Travel anywhere having to go through an airport and you see one common sight going through security checkpoints… people removing their shoes in order to proceed. As Moses approached the Burning Bush, God instructed him to do the same thing (Exodus 3:5). BTW, the same thing happens to Joshua as he encounters God (Joshua 5:15).
I have known many people from different cultures, from the Middle East, to North Africa, to Asia, and one common thread when entering a person’s home is to remove your shoes. It is not only an issue of cleanliness (eliminating mud, dirt, filth and whatever one perhaps stepped on) but it is also a sign of respect. Moses needed to stand before God in respect and recognition that he stood on God’s turf. If we refuse to remove our shoes, it is an insult to the homeowner; let’s not insist on having our own way.
Literally and Figuratively:
In Africa, I was amazed at the locals ability to walk around barefoot. Whenever I tried to “go native” there was hot pavement, sharp stones, and all sorts of debris that caused me pain. Shoes protect you from feeling thorns, stones and debris found on the road. So, when you walk down the road barefoot, you feel everything you step on. When you walk down the road in shoes, you pass along quite easily, oblivious to what could be painful to others without shoes.
At this appointment service for Moses, he was commanded to remove his shoes. Perhaps God wanted him to walk through life “barefoot” so that he could feel and understand every bit of pain and sorrow his people experienced. Moses could not isolate himself from the plight of his people. He could not put on his figurative shoes of indifference, caring for himself, at the cost of feeling the distress of God’s people. We also should take off our shoes of apathy and be sensitive to opportunities to do kindness to others.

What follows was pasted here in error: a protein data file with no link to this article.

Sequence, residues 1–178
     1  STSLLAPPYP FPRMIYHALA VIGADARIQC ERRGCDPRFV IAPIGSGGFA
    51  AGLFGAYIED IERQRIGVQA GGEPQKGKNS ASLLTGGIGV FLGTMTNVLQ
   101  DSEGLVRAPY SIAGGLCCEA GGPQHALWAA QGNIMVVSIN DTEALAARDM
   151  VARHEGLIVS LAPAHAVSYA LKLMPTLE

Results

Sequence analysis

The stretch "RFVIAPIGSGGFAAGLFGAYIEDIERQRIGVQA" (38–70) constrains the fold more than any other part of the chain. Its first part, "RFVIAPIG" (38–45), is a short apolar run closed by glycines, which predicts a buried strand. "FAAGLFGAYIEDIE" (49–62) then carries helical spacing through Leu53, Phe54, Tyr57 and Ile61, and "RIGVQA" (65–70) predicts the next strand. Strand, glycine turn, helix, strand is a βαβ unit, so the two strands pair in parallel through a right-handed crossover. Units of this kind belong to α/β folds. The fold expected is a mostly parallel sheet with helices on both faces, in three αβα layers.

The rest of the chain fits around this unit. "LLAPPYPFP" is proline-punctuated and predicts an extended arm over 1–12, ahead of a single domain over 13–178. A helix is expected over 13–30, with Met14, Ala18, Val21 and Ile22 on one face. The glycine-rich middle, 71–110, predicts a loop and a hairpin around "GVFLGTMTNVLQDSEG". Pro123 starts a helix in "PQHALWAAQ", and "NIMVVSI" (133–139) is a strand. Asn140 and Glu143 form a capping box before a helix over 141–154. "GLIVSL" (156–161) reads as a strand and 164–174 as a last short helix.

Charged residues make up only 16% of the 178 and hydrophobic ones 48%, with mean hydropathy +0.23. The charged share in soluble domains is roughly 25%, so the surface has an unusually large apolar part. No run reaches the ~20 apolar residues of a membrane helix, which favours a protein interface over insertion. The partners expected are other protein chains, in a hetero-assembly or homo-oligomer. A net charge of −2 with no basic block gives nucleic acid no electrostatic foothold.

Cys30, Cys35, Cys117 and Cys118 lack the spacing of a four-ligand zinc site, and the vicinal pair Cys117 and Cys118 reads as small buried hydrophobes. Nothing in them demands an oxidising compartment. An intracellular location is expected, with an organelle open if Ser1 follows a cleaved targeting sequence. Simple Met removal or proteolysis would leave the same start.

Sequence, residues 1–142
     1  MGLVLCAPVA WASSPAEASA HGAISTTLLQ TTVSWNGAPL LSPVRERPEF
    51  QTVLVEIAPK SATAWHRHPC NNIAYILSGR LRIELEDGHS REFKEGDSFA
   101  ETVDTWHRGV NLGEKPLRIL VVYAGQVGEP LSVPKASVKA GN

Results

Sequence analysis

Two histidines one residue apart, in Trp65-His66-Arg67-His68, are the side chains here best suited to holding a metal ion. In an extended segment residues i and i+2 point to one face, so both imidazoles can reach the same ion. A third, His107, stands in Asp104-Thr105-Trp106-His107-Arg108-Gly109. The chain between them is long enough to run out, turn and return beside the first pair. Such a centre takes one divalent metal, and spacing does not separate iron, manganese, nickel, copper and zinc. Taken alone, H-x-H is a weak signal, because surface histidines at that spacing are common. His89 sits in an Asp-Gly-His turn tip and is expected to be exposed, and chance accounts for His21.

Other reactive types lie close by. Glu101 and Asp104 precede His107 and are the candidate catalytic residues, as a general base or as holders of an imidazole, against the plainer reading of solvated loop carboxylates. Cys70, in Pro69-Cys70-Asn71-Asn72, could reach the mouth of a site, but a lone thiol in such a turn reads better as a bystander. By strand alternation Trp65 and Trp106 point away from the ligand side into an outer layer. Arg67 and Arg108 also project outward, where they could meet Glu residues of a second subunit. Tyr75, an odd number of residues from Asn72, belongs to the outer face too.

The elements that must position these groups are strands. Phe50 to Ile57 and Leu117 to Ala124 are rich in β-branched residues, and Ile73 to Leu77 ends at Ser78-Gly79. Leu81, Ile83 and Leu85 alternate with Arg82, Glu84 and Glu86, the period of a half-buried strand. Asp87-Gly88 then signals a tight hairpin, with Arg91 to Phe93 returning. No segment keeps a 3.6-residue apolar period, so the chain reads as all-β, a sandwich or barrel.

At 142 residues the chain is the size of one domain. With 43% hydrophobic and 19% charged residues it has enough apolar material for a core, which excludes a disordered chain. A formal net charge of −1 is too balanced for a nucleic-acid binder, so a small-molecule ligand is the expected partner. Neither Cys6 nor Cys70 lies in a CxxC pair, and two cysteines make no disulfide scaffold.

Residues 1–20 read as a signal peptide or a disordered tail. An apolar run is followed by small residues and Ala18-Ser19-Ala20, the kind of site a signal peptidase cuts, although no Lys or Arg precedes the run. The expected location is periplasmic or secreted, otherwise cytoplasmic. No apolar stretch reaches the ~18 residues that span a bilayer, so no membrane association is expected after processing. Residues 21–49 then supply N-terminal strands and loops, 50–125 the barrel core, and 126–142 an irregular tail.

When it comes to shoe removal, it seems that as Moses stood there on the mountain, in the presence of God, there was a thin strip of leather that came between Moses and the Holy Ground. The shoes were a man-made and self-imposed barrier, and God wanted Moses to actually touch the holy ground in order to experience the transference of holiness to his chosen leader. Touch is a powerful method and symbol of transference (Exodus 29:10, Leviticus 16:21-22, Acts 13:2-3) and God wanted nothing between them, even something so insignificant as a shoe.
Since God said to remove the shoes, we might think that to be a rather silly request or requirement, but there is a simple truth here; we cannot come to God on our own terms. We come to God only on his terms. There is no self-style worship or obedience allowed. Also, when you think about the greatness of God, aren’t we supposed to stand there feeling rather insignificant? Is there anything more emotionally humiliating that standing barefoot while everyone else is dressed up for a black-tie event? We come before God in humility, not strutting into his presence any way we feel like it.
Maybe we all should come to worship with bare feet.